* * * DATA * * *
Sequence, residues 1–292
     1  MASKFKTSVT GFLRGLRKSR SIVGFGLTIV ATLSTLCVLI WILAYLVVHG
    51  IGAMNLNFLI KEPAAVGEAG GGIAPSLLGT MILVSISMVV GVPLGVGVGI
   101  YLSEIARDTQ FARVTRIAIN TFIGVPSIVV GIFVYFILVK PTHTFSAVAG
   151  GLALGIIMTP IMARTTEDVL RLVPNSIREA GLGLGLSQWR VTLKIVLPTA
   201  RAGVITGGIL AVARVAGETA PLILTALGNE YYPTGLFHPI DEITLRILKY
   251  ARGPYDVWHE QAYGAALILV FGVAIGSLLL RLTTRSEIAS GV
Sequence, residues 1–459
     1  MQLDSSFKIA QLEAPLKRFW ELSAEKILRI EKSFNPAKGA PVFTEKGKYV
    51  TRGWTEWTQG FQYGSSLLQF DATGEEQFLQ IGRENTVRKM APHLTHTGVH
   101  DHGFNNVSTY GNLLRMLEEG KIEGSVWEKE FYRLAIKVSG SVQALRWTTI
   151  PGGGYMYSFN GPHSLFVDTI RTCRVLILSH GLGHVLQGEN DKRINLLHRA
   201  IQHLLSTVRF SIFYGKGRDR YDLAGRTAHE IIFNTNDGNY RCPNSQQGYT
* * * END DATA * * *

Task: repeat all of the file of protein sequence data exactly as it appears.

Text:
Sequence, residues 1–292
     1  MASKFKTSVT GFLRGLRKSR SIVGFGLTIV ATLSTLCVLI WILAYLVVHG
    51  IGAMNLNFLI KEPAAVGEAG GGIAPSLLGT MILVSISMVV GVPLGVGVGI
   101  YLSEIARDTQ FARVTRIAIN TFIGVPSIVV GIFVYFILVK PTHTFSAVAG
   151  GLALGIIMTP IMARTTEDVL RLVPNSIREA GLGLGLSQWR VTLKIVLPTA
   201  RAGVITGGIL AVARVAGETA PLILTALGNE YYPTGLFHPI DEITLRILKY
   251  ARGPYDVWHE QAYGAALILV FGVAIGSLLL RLTTRSEIAS GV
Sequence, residues 1–459
     1  MQLDSSFKIA QLEAPLKRFW ELSAEKILRI EKSFNPAKGA PVFTEKGKYV
    51  TRGWTEWTQG FQYGSSLLQF DATGEEQFLQ IGRENTVRKM APHLTHTGVH
   101  DHGFNNVSTY GNLLRMLEEG KIEGSVWEKE FYRLAIKVSG SVQALRWTTI
   151  PGGGYMYSFN GPHSLFVDTI RTCRVLILSH GLGHVLQGEN DKRINLLHRA
   201  IQHLLSTVRF SIFYGKGRDR YDLAGRTAHE IIFNTNDGNY RCPNSQQGYT